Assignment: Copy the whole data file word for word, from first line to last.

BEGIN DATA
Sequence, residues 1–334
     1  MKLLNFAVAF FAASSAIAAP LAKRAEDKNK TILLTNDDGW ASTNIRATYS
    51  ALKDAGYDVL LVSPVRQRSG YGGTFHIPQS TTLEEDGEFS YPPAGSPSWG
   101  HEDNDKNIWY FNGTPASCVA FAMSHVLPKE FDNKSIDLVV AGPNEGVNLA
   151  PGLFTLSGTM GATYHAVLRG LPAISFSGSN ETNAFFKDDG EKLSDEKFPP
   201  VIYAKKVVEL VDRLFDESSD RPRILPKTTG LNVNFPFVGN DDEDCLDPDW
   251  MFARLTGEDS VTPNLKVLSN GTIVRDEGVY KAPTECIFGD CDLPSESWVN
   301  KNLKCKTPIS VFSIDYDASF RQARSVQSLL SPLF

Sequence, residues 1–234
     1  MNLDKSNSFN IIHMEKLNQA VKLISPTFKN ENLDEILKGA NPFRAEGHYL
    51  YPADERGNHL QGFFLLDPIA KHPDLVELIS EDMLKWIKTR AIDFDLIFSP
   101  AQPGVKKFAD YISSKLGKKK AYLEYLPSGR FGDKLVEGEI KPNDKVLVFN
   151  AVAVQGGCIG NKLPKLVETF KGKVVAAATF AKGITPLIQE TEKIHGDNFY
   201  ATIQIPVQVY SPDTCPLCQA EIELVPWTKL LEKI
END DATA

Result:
Sequence, residues 1–334
     1  MKLLNFAVAF FAASSAIAAP LAKRAEDKNK TILLTNDDGW ASTNIRATYS
    51  ALKDAGYDVL LVSPVRQRSG YGGTFHIPQS TTLEEDGEFS YPPAGSPSWG
   101  HEDNDKNIWY FNGTPASCVA FAMSHVLPKE FDNKSIDLVV AGPNEGVNLA
   151  PGLFTLSGTM GATYHAVLRG LPAISFSGSN ETNAFFKDDG EKLSDEKFPP
   201  VIYAKKVVEL VDRLFDESSD RPRILPKTTG LNVNFPFVGN DDEDCLDPDW
   251  MFARLTGEDS VTPNLKVLSN GTIVRDEGVY KAPTECIFGD CDLPSESWVN
   301  KNLKCKTPIS VFSIDYDASF RQARSVQSLL SPLF

Sequence, residues 1–234
     1  MNLDKSNSFN IIHMEKLNQA VKLISPTFKN ENLDEILKGA NPFRAEGHYL
    51  YPADERGNHL QGFFLLDPIA KHPDLVELIS EDMLKWIKTR AIDFDLIFSP
   101  AQPGVKKFAD YISSKLGKKK AYLEYLPSGR FGDKLVEGEI KPNDKVLVFN
   151  AVAVQGGCIG NKLPKLVETF KGKVVAAATF AKGITPLIQE TEKIHGDNFY
   201  ATIQIPVQVY SPDTCPLCQA EIELVPWTKL LEKI